Please note that this session was withdrawn and is no longer available in the respective programme. This withdrawal might have been the result of a merge with another session.
MITM7 | Laboratory experiments in support of planets and satellites observations and space missions (sample return, analogs, analytical workflow etc.).

MITM7

Laboratory experiments in support of planets and satellites observations and space missions (sample return, analogs, analytical workflow etc.).
Conveners: Giovanni Poggiali, Alessandro Pisello | Co-conveners: Sébastien Besse, John Robert Brucato, Maeva Millan

Planets and their satellites are target of intense space exploration by in-situ measurements, proximity remote sensing or ground observations. The surface of these bodies exhibits a great mineralogical variety that can be eventually modified by past or present geological activities. Some of them also show also presence of organics and volatile material that can interact with the mineral substrate to increase the chemical complexity.

Laboratorial studies are pivotal for space exploration, since they provide us the key to understand what we observe remotely. These studies can be focused on directly interpreting remote sensing data or on studying more in detail the physical, chemical, and geological processes to help us interpret what we observe today on the surface of these bodies.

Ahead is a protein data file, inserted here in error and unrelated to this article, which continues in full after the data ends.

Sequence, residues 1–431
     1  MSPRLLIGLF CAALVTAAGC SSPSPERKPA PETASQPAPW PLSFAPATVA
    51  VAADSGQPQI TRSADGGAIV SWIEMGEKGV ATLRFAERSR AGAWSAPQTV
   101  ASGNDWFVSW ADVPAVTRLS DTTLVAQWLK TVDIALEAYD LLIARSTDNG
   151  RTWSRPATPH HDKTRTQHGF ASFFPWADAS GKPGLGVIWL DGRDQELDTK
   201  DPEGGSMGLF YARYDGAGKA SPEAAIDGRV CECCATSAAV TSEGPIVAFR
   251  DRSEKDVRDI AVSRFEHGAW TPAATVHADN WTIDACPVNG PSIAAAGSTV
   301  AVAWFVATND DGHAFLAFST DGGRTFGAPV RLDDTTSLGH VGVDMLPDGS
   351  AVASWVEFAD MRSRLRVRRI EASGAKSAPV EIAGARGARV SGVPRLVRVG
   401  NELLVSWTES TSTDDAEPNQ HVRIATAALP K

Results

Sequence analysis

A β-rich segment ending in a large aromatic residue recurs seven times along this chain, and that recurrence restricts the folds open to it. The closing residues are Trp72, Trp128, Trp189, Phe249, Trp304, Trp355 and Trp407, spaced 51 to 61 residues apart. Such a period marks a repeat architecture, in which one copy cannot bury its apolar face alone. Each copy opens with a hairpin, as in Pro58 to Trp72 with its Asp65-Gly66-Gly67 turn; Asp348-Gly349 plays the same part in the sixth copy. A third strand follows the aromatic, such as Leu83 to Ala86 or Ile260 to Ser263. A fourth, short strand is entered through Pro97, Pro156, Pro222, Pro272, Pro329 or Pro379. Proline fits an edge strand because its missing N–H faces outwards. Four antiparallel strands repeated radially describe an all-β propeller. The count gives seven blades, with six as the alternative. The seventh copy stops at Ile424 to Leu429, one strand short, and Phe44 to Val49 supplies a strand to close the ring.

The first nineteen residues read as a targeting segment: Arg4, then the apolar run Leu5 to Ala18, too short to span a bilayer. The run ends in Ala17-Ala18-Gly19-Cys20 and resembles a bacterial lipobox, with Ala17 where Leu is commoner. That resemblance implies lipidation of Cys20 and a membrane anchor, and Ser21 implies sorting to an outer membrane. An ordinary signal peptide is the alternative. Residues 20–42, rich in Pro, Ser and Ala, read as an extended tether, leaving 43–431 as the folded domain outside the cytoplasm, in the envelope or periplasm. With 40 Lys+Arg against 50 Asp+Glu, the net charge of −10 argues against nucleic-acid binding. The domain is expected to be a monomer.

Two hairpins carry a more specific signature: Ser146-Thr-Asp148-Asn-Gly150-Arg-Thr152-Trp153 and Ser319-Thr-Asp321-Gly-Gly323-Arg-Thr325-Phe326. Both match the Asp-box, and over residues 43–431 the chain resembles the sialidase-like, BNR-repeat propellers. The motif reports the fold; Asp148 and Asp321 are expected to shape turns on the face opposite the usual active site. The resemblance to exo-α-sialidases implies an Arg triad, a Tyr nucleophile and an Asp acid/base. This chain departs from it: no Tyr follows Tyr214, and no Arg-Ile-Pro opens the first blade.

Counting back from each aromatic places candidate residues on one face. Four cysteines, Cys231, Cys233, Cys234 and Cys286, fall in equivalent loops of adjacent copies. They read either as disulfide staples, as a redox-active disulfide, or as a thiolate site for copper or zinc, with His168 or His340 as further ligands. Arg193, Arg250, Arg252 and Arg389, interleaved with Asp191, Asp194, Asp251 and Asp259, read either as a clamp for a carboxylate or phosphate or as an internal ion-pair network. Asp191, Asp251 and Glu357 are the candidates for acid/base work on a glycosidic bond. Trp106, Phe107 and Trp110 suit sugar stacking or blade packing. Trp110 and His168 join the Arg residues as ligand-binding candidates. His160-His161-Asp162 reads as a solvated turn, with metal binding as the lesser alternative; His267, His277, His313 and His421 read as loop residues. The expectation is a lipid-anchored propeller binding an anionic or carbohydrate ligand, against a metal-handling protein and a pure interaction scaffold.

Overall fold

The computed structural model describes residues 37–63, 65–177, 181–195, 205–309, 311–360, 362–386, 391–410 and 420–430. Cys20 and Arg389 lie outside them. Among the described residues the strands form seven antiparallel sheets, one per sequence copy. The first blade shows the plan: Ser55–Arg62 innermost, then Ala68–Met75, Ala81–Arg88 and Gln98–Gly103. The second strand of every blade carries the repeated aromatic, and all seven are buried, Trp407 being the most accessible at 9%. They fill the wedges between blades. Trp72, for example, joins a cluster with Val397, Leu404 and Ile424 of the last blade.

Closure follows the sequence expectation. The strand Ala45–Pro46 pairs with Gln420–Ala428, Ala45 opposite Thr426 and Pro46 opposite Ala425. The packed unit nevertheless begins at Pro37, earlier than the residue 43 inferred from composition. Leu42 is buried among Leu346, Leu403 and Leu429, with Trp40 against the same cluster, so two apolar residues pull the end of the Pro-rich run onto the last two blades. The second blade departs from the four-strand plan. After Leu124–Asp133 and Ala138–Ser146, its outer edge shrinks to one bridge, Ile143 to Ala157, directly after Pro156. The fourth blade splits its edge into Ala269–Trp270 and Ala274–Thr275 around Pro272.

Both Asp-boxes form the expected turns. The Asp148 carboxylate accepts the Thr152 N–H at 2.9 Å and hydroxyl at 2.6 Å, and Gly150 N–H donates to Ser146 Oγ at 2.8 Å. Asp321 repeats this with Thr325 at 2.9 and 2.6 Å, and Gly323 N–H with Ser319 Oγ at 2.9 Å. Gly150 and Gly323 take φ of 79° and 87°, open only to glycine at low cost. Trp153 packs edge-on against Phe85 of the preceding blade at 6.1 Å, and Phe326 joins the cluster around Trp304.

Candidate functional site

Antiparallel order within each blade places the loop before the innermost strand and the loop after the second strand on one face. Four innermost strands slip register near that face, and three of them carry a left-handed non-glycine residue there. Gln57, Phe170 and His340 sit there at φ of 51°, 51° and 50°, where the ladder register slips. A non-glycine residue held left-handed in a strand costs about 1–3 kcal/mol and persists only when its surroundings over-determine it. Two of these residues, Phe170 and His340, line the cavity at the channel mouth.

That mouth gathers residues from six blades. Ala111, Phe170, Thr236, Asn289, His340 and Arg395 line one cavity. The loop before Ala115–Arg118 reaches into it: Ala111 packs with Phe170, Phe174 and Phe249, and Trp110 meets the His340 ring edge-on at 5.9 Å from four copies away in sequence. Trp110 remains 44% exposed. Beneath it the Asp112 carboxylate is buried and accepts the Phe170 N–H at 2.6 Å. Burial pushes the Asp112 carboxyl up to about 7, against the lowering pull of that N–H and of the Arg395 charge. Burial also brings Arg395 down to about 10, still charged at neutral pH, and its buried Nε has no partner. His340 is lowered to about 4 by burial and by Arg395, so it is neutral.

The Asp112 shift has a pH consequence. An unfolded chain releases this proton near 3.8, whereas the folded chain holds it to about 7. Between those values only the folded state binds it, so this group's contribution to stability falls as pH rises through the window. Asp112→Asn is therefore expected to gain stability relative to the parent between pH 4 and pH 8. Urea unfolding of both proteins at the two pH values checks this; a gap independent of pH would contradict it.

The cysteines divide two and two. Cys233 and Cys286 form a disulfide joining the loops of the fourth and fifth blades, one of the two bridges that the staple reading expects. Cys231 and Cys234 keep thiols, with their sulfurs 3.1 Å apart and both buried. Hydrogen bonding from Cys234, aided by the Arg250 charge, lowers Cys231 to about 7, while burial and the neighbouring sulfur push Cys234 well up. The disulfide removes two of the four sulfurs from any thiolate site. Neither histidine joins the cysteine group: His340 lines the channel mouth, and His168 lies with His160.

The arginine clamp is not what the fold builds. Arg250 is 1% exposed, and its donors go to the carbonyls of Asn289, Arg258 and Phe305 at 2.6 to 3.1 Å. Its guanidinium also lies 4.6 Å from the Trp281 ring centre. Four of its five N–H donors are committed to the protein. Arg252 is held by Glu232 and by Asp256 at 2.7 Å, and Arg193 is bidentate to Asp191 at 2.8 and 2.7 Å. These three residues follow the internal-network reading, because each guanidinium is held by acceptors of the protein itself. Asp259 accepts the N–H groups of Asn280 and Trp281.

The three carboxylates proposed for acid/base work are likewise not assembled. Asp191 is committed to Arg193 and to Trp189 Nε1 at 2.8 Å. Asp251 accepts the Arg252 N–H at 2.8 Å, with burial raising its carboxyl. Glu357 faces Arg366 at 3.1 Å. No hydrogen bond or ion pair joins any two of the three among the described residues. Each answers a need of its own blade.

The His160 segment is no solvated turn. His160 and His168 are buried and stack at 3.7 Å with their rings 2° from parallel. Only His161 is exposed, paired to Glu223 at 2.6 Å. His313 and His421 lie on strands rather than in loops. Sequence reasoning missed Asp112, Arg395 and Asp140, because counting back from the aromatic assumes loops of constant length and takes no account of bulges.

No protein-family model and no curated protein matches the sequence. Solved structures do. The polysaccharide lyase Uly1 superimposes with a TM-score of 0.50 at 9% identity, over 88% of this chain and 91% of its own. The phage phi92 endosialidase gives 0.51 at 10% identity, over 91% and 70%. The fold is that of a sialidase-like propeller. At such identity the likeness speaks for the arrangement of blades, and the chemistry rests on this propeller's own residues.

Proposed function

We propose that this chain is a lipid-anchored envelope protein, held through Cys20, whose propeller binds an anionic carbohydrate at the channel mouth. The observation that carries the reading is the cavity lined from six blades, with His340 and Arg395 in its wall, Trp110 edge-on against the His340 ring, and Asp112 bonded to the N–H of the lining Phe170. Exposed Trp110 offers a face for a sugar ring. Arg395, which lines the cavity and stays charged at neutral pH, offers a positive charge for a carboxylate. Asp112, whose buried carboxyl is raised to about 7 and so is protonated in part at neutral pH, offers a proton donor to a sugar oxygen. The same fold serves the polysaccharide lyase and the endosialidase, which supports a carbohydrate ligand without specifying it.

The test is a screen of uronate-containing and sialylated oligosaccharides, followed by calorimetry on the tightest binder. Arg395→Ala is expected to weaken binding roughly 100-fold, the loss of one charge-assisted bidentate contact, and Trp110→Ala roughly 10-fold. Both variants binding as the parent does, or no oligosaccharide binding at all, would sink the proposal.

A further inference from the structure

In this session, we invite submissions that focus on laboratory study of rocky surfaces regarding both planets within the Solar System and exoplanets: studies of mineral and chemical analogues, physical processes, studies of atmospheres and interaction between rocky surfaces and organic/volatile compounds.
Moreover, we also invite contributions on new measurement apparatus, innovative protocols and laboratory studies in support of ongoing or imminent planetary space missions such as Mars2020 Perseverance rover and MSR campaigning, BepiColombo, ExoMars Rosalind Franklin, JWST observations as well as future planned and proposed missions to study planets, exoplanets and their satellites.

Planets and their satellites are target of intense space exploration by in-situ measurements, proximity remote sensing or ground observations. The surface of these bodies exhibits a great mineralogical variety that can be eventually modified by past or present geological activities. Some of them also show also presence of organics and volatile material that can interact with the mineral substrate to increase the chemical complexity.

Laboratorial studies are pivotal for space exploration, since they provide us the key to understand what we observe remotely. These studies can be focused on directly interpreting remote sensing data or on studying more in detail the physical, chemical, and geological processes to help us interpret what we observe today on the surface of these bodies.

In this session, we invite submissions that focus on laboratory study of rocky surfaces regarding both planets within the Solar System and exoplanets: studies of mineral and chemical analogues, physical processes, studies of atmospheres and interaction between rocky surfaces and organic/volatile compounds.
Moreover, we also invite contributions on new measurement apparatus, innovative protocols and laboratory studies in support of ongoing or imminent planetary space missions such as Mars2020 Perseverance rover and MSR campaigning, BepiColombo, ExoMars Rosalind Franklin, JWST observations as well as future planned and proposed missions to study planets, exoplanets and their satellites.